The Perry expedition succeeded in opening Japan to trade with the USA. From Wikipedia we learn that around the same time the Russians also attempted the same thing (the Dutch already had some weak agreement with the Japanese).
I don't understand why they would consider using force in order to make the Japanese their partners (Perry had orders to use force if necessary)? Diplomacy, bribery, etc. sure, but risking a war seems not profitable. Especially, since that war would be waged against an isolated nation, i.e. there could be no guarantees as to what could be expected.
One of the reasons is stated as:
The Americans were also driven by concepts of Manifest Destiny and the desire to impose the benefits of western civilization and the Christian religion on what they perceived as “backwards” Asian nations.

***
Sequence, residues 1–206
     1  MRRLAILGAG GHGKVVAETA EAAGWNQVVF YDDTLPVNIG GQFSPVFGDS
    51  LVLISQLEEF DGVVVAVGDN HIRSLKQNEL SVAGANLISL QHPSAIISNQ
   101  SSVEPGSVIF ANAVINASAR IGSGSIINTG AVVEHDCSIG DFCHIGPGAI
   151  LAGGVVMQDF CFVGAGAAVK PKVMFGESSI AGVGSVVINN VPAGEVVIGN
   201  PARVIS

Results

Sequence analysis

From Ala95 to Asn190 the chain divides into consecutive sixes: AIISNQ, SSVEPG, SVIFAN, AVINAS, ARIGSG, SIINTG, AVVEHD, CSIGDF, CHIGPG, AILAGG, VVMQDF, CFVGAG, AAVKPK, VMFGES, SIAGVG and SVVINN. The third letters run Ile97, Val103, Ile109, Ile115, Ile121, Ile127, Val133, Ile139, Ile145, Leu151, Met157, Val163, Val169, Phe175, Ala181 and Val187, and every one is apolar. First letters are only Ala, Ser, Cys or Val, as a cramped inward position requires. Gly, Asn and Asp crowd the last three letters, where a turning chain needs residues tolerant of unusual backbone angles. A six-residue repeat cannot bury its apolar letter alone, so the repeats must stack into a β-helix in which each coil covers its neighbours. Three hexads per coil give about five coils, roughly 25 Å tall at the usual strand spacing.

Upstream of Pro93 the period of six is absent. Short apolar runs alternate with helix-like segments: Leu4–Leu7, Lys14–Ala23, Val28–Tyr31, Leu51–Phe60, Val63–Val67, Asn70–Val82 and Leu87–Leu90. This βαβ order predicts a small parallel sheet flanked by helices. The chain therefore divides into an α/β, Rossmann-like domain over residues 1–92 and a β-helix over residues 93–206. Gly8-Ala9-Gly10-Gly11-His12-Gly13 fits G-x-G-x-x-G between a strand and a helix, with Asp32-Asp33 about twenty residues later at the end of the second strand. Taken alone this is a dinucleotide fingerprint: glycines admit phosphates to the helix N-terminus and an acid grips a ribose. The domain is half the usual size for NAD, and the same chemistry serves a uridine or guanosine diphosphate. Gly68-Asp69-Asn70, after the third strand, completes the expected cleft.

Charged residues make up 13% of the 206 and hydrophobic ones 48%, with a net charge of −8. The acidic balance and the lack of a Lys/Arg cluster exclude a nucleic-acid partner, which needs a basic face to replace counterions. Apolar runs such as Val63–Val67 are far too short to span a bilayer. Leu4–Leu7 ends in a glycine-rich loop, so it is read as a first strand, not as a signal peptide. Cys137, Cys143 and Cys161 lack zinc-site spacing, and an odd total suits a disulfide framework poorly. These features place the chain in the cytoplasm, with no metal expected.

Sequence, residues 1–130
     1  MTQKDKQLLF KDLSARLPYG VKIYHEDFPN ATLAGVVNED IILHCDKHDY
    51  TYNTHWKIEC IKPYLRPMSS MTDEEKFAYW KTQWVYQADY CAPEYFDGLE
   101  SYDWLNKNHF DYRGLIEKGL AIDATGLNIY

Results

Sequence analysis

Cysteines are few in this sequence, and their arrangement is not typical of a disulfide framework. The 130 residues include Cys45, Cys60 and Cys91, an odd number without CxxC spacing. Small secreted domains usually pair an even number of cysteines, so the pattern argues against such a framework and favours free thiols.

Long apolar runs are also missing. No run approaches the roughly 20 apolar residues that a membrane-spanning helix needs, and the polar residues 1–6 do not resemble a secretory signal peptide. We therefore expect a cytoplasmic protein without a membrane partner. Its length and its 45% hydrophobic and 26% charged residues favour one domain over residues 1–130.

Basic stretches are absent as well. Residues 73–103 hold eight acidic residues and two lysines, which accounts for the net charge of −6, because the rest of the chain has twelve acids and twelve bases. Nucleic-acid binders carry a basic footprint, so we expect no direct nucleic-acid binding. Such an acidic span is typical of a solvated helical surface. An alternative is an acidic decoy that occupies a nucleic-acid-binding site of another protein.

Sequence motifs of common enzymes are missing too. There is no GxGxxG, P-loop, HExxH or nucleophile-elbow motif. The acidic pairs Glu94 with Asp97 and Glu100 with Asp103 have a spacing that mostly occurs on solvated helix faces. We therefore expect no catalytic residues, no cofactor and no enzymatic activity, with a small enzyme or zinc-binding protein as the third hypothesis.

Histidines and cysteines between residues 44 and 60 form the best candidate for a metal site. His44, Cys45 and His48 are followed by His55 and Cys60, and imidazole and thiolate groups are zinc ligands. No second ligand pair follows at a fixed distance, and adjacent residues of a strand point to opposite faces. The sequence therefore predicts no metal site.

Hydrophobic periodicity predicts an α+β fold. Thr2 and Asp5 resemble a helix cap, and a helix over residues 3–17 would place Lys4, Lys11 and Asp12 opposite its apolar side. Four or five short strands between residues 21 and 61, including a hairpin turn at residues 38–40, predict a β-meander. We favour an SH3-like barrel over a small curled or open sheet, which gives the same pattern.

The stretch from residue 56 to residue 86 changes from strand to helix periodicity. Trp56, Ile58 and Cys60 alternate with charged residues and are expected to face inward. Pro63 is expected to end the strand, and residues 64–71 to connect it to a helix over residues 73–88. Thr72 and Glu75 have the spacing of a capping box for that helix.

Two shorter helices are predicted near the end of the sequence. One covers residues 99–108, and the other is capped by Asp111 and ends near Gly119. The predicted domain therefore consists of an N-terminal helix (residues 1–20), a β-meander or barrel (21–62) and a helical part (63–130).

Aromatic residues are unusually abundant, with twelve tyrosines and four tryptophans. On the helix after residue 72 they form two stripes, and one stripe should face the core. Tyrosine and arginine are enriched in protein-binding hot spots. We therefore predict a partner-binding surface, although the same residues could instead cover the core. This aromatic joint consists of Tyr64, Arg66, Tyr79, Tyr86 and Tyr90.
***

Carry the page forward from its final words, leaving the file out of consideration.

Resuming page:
Particularly in the case of the US this is an unsurprising reason, but also one specific umbrella for various hostile agendas (all throughout modern history the "benefits" of "Americans bringing democracy" are evident), so it's inconclusive.
The growing commerce between America and China, the presence of American whalers in waters offshore Japan, and the increasing monopolization of potential coaling stations by the British and French in Asia...
Again it is unclear to me how a potential conflict would help there, since it would disrupt trade, endanger the whalers and only worsen the position of the USA against the British and French.
The question is phrased for "nations" rather than USA intentionally, as I'm interested in other (general) motivations as well. The USA are only a prominent example, since they succeeded in forcing an agreement.